Nikon D3 - The best camera in the World

June 09, 2014  •  Leave a Comment

 

Nikon D3. The KingSeven years after buying my Nikon D3 it is still everything I need for wedding photography.

 

I started my photography interest back in the 1980's when, it was said, that 80% of the worlds press photographers used Nikon cameras - very likely the Nikon F3, an indestructible, solid, metal lump with the new-fangled Aperture Priority mode and TTL flash metering. My dad had a Nikon from the 1960's and, when I was a kid and he was out, I would sit with it and twiddle the knobs and focus the lens. I loved the quality of the construction, the bright viewfinder and exposure needle and the clarity of the glass. 

Nikon lost their way a little in the 90's and allowed Canon to steal a large chunk of the professional market, and that filters down to the ordinary consumer who follow suit. Nikon were on the ropes and hadn't really got to grips with the new digital age, but being the best is in their DNA and they fought back. When they announced the D3 the photography world was astounded at what they had achieved. It was a seminal moment in the history of photography.

They departed the mega-pixel arms race and concentrated on a far more important feature of the digital sensor. Sensitivity, or ISO as it's commonly known. Nikons reasoning was that 12 mega-pixels was easily enough resolution to print large images and that was more than enough for most people, particularly sports, wedding and photojournalists.

What photographers really needed was to be able to increase the ISO to shoot in lower light but still keep the image quality high. The big drawback of digital, as you will have noticed with your smartphone camera, is that when the light lowers, the ISO has to be increased to give the camera a chance of making an image - the result being digital noise. It's a bit like turning up the volume of a stereo to the point that it starts to distort. Digital noise ruins image quality with unsightly speckles.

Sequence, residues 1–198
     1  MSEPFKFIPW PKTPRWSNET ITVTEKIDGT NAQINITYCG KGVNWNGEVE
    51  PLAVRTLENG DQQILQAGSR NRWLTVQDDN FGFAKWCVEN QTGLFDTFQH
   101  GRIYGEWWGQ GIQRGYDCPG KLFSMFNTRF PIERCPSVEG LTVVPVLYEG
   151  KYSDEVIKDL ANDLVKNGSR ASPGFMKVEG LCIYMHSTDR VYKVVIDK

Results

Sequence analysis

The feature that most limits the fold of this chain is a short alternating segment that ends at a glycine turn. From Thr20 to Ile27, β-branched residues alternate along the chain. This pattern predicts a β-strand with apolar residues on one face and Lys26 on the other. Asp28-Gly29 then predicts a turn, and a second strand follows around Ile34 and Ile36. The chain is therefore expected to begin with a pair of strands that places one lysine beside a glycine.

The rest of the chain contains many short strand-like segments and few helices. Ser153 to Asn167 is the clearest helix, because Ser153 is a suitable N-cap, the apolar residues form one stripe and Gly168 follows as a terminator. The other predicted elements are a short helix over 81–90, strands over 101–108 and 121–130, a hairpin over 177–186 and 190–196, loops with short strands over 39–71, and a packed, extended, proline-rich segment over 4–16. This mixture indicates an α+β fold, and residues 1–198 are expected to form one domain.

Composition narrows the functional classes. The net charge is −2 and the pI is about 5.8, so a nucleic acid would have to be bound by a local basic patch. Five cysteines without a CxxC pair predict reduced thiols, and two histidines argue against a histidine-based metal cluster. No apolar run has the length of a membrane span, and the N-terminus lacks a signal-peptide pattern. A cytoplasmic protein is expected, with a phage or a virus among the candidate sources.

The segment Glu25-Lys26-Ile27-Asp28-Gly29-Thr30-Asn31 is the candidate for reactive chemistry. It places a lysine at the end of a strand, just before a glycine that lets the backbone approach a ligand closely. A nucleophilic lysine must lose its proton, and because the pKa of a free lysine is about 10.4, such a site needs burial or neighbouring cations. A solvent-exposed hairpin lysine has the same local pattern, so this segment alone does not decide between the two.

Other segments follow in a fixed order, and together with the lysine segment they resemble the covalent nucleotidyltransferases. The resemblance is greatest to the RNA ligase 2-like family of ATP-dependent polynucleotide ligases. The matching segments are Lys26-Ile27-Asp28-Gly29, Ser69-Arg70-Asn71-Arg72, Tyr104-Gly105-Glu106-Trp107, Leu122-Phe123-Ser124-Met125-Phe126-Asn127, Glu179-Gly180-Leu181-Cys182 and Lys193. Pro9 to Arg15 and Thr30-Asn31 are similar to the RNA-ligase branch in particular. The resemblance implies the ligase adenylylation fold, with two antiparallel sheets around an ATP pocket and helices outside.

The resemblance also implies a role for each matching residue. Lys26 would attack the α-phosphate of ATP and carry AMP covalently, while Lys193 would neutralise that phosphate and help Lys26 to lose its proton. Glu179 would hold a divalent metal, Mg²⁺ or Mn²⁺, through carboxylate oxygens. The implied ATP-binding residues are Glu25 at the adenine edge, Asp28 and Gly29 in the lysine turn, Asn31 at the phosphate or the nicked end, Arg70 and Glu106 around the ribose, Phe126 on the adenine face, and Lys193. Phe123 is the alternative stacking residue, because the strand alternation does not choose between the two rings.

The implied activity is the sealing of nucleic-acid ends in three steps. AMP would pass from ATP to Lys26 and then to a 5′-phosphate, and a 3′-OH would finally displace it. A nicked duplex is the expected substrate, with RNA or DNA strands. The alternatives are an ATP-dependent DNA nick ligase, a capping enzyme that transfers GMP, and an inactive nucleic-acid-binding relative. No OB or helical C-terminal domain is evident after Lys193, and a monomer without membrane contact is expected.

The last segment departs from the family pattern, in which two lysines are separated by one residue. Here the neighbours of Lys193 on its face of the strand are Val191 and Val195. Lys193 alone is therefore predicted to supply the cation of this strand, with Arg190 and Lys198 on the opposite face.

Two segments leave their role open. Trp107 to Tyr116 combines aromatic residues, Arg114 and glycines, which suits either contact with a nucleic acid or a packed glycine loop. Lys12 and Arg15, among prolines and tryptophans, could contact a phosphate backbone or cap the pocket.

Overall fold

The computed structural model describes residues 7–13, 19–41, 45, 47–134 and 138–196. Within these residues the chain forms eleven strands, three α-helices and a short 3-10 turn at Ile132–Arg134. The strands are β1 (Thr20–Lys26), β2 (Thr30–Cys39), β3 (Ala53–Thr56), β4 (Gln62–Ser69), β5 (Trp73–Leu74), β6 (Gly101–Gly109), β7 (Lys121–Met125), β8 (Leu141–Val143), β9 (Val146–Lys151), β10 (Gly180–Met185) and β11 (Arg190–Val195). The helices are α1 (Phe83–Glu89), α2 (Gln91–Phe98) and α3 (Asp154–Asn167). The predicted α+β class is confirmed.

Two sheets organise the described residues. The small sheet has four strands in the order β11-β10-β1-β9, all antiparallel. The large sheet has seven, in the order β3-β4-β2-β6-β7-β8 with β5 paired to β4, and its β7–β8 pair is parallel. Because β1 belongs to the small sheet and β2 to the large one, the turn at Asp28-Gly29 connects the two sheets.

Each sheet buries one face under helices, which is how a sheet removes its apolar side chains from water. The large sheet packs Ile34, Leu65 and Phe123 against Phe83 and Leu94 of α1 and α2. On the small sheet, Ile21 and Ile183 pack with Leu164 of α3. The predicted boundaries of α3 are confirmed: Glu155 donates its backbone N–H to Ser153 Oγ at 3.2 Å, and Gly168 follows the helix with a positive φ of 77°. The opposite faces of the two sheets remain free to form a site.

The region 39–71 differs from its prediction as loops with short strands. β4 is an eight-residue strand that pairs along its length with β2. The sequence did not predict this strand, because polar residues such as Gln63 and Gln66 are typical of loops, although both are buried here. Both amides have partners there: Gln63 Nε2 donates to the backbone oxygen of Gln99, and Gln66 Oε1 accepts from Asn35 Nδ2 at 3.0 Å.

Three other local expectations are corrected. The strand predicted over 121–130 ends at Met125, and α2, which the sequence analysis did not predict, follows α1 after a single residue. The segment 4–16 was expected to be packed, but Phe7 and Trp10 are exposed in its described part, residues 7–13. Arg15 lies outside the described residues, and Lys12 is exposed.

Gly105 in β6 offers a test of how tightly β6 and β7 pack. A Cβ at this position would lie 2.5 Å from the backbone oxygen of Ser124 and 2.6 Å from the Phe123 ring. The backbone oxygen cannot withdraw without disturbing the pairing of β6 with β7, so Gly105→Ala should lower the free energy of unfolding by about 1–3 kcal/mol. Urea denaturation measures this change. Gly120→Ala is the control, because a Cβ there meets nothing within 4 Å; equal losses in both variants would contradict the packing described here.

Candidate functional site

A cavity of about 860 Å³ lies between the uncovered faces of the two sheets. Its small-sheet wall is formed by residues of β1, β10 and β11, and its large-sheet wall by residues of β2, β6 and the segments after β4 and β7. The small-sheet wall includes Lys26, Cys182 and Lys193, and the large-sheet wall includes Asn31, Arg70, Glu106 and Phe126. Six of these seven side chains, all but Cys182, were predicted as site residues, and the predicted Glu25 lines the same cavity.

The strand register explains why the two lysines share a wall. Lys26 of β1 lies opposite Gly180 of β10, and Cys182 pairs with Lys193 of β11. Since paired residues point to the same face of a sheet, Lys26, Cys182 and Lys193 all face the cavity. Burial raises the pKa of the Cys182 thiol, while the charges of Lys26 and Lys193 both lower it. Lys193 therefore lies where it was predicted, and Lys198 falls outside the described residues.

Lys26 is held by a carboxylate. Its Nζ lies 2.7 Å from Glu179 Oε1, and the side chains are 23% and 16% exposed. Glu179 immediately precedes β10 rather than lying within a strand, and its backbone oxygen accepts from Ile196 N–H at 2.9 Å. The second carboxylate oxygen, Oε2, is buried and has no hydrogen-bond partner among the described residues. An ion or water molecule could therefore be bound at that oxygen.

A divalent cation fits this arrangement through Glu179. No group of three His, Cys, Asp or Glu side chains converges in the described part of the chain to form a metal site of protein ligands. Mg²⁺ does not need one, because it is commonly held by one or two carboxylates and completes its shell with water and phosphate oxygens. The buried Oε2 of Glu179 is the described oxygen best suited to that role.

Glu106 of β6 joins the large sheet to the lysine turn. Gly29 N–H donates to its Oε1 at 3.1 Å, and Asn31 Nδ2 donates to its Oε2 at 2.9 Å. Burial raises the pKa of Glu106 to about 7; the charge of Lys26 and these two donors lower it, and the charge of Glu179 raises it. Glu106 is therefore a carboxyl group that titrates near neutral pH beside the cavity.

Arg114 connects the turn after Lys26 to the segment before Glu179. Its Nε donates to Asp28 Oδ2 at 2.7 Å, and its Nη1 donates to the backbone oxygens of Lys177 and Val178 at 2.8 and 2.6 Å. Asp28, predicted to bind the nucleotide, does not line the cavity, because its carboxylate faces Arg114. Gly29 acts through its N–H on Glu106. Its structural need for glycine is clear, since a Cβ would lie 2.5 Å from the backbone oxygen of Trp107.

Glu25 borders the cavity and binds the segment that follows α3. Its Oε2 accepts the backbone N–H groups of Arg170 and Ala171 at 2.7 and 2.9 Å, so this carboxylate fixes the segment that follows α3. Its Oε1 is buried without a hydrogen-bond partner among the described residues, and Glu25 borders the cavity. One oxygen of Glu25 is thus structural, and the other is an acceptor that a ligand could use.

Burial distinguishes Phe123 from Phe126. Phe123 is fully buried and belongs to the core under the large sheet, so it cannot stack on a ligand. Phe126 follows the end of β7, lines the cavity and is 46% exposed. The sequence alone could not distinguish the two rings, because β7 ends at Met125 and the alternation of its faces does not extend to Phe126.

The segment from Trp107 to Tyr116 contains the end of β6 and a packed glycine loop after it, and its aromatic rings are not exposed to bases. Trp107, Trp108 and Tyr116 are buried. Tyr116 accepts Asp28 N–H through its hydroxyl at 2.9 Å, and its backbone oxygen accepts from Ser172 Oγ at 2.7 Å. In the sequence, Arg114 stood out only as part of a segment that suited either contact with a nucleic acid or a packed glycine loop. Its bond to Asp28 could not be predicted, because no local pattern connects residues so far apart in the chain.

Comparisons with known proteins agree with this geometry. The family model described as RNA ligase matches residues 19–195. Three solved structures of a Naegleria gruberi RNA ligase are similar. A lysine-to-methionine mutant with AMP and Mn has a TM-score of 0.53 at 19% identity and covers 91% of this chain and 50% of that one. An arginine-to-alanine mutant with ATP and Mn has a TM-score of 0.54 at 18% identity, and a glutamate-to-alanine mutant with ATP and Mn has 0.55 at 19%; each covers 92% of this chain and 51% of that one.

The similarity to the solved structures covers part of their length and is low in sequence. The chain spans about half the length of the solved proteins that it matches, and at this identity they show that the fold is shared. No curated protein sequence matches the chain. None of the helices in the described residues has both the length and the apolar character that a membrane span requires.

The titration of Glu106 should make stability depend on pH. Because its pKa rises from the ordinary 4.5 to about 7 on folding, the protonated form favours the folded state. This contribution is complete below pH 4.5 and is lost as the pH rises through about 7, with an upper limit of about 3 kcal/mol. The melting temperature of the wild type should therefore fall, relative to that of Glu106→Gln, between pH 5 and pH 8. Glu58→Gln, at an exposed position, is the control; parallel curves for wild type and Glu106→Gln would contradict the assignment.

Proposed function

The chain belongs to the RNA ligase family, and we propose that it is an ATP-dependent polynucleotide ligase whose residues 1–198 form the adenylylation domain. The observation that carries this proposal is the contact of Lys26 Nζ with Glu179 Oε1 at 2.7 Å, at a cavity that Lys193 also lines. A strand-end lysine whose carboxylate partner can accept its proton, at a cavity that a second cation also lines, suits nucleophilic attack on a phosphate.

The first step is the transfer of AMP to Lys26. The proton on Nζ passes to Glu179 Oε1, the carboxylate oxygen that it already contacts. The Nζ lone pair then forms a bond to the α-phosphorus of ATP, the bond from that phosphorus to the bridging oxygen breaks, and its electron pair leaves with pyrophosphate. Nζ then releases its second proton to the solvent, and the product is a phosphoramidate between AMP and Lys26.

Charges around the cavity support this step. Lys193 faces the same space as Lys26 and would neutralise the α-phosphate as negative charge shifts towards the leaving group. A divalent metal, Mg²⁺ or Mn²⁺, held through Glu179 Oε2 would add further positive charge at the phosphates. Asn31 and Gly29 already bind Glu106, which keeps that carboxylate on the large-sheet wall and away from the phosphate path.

Nikon re-worked the sensor so that it delivered high quality images at much higher ISO. That is massive for a photographer. Much more important than resolution. Being able to carry on shooting when the light is fading and other photographers are putting their cameras away handed a huge advantage to the D3 owner. Plenty of photographers sold their entire kit and switched to Nikon. 

Ken Rockwell loves this camera - 'My Nikon D3 lets me do things I've never been able to do, and makes it fast and easy. You don't need a review: unlike any other camera I can recall, just talk to anyone who owns the D3 and you'll hear praise gushing like no other camera. The Nikon D3 has no "buts," as in "I love it but..." Everyone just loves it. 

​Here's why I love my D3..

 

Shoot all day? EasyHigh capacity battery and dual CF Card slots keep me shooting all day at a wedding.

 

  • Superb build quality, all metal body. Drive nails in with it, knock out muggers.
  • Weather proof. I've had it soaked in rain for a week in the Outer Hebrides and it just laughed. 
  • Superb image quality, even when the light gets low and the ISO gets high. Outstanding actually, even 7 years down the line.
  • Dual card slots can be configured three ways; RAW to slot 1 and JPG to slot 2 - OR Overflow (fill the first then go onto the second, doubling your capacity) - OR Backup (this is how I use it. My photo's are recorded onto both cards at the same time. If one card is corrupt you have a copy on the other. Life saver!)
  • Battery with a huge capacity. I can usually shoot an entire wedding on one battery. My D800 would use 4!
  • It was this camera that I had with me on a freezing beach in Scotland and it recorded a photograph that won Landscape Photographer of the Year in 2010. It's an emotional connection now. 

Nikon would probably like me to buy their current flagship, the D4s but I don't need it. I don't need video and the D3 still does what made it King back in 2007. I'm not a machine gunner, I only take the shot when it's right so my shutter is quite low milage against the 300'000 shot estimated life span. The D4s is not a big enough leap in quality for me to part with just over £5000. My D3 has earned it's place in my camera bag and paid for itself many times over. 

My Dad gave me his Nikomat recently. I'd like to think that I will be able to afford to retire my D3 to sit on the shelf with it when the time comes.  

Nikomat & D3When the going gets tough. Nikon.

 

 


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